Without too much fanfare, Sony and Panasonic have signed a "basic" agreement to jointly develop a standard for professional-use next-generation optical disks
Now, there's as much in that sentence that says there won't be a new Blu Ray disk as that there will. Having a "basic" agreement to develop a "Standard" is not the same as having a product by a long shot, and in any case, this press release is about a "Professional-use" disk akin to XDCAM or Panasonic's memorably named "LB-DM9" optical disk storage devices.
But 300GB is 300GB, and while it's a lot less than the current trend in hard disks (and somewhat less, even, than the bigger end of the SSD spectrum), it is a lot for an optical drive, and although the first generation might be for professionals, if it turns out well, it is at least possible that it could be turned into a consumer format.
The biggest question is whether anyone will care. And what will decide that is exactly how long it takes to download a 4K movie. Assuming that we might see some sort of consumer product a year after the professional one is released, that would make it towards the end of 2016. By then many more people will have super high speed broadband, but that will still leave a huge section of the population relying on 80 year-old copper wire to deliver their 4K movies, and any of these viewers who have moved up to 4K (quite possibly a significant number) will be glad to see an optical disk format that doesn't mean they have to wait until the end of next week before they can watch a movie.
Our feeling is that Sony and Panasonic are doing the right thing by looking at larger optical disk formats, but with the vagueness of this roadmap, they're hedging their bets at this stage.
Read Sony's and Panasonic's press release in full on the next page.
The Official Press Release
Tokyo, Japan – July 29, 2013 – Sony Corporation (‘Sony’) and Panasonic Corporation (‘Panasonic’) today announced that they have signed a basic agreement with the objective of jointly developing a next-generation standard for professional-use optical discs, with the objective of expanding their archive business for long-term digital data storage. Both companies aim to improve their development efficiency based on the technologies held by each respective company, and will target the development of an optical disc with recording capacity of at least 300GB by the end of 2015. Going forward, Sony and Panasonic will continue to hold discussions regarding the specifications and other items relating to the development of this new standard.
Optical discs have excellent properties to protect them against the environment, such as dust-resistance and water-resistance, and can also withstand changes in temperature and humidity when stored. They also allow inter-generational compatibility between different formats, ensuring that data can continue to be read even as formats evolve. This makes them a robust medium for long-term storage of content. Both companies have previously developed products based on the Blu-ray format, leveraging the strengths of optical discs. However, both Sony and Panasonic recognized that optical discs will need to accommodate much larger volumes of storage in years to come given the expected future growth in the archive market, and responded by formulating this agreement.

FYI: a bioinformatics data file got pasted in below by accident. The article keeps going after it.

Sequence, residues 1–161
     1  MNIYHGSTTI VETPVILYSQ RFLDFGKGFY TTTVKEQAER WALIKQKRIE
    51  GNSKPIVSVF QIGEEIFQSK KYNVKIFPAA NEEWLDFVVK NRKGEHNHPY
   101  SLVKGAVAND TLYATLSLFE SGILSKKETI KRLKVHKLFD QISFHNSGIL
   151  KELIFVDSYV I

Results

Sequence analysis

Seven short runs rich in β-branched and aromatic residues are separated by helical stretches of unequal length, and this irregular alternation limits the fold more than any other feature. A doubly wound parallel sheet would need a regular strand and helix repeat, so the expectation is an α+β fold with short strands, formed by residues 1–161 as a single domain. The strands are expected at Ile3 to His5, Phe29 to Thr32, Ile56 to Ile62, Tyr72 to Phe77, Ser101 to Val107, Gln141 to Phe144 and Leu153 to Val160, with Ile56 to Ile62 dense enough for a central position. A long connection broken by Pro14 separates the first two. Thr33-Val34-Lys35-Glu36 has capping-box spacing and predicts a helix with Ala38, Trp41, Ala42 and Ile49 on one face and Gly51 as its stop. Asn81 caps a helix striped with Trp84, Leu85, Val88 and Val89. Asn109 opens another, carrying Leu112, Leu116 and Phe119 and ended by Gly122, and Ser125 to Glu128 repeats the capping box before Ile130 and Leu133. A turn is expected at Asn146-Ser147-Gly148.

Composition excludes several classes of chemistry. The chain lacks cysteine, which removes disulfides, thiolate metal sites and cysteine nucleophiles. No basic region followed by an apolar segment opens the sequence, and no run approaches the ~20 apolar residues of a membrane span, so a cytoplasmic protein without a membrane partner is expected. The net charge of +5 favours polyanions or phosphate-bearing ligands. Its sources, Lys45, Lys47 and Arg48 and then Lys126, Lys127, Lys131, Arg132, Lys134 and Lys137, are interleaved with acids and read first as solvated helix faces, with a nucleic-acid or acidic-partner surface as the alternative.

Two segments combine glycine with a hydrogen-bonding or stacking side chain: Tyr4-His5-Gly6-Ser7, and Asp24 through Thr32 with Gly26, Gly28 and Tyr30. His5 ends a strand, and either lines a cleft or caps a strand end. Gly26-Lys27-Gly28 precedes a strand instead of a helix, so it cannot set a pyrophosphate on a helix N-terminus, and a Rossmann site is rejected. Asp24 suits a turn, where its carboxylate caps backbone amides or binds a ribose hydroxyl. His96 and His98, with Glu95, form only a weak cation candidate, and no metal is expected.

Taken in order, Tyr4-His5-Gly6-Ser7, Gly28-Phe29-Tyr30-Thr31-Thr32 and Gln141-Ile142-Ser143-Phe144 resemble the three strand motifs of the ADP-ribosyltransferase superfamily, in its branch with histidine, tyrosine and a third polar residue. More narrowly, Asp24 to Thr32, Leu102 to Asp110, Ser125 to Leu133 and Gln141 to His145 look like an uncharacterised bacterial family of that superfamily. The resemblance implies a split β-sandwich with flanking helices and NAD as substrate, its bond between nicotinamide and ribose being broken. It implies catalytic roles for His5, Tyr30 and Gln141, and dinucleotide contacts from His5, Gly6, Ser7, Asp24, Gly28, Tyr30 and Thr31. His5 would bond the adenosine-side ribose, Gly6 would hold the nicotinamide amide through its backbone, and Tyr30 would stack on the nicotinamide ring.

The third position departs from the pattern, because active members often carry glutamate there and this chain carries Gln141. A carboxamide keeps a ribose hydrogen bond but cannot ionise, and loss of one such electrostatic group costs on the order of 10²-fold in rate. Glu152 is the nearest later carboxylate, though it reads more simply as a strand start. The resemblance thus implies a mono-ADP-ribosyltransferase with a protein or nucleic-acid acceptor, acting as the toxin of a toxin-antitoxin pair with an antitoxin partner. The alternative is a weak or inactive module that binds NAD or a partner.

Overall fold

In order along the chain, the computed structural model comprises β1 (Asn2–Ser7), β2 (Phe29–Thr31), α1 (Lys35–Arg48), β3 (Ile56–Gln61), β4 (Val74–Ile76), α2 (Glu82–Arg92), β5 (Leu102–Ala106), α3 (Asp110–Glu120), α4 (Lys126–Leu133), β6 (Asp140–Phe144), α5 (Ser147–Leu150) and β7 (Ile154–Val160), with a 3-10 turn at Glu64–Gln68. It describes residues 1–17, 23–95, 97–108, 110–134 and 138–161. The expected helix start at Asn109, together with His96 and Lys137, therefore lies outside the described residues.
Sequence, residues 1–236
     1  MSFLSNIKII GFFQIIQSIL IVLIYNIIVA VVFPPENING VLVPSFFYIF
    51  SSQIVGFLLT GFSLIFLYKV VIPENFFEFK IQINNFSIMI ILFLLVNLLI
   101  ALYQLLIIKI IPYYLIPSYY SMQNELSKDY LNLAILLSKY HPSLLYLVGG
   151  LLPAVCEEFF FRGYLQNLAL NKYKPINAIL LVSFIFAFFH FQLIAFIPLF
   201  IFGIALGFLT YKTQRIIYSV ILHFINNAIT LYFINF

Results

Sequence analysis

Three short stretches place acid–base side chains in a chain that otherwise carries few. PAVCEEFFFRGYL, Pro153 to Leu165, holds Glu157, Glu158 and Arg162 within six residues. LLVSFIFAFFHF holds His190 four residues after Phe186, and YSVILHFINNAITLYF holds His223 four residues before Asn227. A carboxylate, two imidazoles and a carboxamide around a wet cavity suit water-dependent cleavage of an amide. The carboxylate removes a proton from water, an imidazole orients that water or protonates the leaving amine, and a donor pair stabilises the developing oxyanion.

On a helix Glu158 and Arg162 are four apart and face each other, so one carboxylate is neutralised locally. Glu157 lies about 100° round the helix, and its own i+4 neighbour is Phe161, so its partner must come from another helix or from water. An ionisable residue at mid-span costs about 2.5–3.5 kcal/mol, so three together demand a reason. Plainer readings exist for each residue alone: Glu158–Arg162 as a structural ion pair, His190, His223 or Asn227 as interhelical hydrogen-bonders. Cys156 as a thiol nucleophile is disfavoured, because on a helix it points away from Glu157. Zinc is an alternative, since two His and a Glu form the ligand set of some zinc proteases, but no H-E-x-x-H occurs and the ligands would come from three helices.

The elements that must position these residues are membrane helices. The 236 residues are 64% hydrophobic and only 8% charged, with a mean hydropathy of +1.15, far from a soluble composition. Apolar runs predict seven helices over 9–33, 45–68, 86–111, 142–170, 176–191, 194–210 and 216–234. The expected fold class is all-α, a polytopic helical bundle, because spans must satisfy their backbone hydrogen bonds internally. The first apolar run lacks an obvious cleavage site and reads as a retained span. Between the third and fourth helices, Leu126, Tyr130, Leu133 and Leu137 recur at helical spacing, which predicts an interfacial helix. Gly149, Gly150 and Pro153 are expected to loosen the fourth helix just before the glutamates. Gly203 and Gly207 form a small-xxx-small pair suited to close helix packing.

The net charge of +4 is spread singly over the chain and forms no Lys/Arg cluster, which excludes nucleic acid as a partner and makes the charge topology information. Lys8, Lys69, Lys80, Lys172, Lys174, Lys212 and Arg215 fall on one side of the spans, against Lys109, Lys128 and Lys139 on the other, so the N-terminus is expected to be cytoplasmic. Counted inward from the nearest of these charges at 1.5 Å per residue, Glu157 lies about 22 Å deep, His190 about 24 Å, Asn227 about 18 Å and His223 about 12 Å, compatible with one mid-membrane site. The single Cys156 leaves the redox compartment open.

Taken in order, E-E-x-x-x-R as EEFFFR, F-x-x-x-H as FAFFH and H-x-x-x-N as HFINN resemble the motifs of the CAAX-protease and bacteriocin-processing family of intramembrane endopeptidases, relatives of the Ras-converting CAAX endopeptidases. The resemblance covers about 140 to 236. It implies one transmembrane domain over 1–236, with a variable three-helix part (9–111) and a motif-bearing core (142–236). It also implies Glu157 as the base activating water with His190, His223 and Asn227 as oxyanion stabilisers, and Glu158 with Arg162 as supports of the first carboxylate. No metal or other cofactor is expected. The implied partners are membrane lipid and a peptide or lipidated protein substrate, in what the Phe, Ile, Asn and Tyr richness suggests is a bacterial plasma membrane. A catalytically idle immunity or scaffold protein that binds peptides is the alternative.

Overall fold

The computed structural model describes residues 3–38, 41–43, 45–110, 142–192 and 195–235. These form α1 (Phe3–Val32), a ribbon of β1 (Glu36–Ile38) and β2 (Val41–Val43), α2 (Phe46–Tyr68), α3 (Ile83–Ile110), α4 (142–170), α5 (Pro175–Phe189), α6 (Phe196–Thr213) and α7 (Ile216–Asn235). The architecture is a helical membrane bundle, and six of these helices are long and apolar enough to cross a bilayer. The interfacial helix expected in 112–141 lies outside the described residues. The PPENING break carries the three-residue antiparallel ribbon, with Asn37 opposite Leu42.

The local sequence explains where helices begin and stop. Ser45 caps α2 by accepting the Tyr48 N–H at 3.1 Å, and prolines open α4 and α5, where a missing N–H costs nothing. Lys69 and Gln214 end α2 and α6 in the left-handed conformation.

Sony previously commercialized a file-based optical disc archive system in September, 2012. Based on optical disc technology that Sony cultivated for its XDCAM series of professional broadcasting products, this system houses twelve optical discs within a compact cartridge as a single, high-capacity storage solution. Each disc within the cartridge holds 25GB capacity, offering a total range of storage capacities from 300GB to 1.5TB.
In July this year, Panasonic launched its ‘LB-DM9 series’ of optical disc storage devices. This series uses a dedicated magazine of just 20.8mm thickness to house twelve 100GB optical discs. A maximum of 90 magazines can be stored, providing a total storage capacity of 180TB. In addition, Panasonic adopted a newly-developed changer system together with RAID technology to offer rapid data transfer performance of up to 216MB/s, while also ensuring high reliability by protecting data from unforeseen faults.
In recent years, there has been an increasing need for archive capabilities, not only from video production industries, such as motion pictures and broadcasting, but also from cloud data centers that handle increasingly large volumes of data following the evolution in network services. Both Sony and Panasonic have a proven track record in developing Blu-ray disc format technologies, and by actively promoting the adoption of a new standard for next-generation high-capacity optical discs, they intend to offer solutions that preserve valuable data for future generations.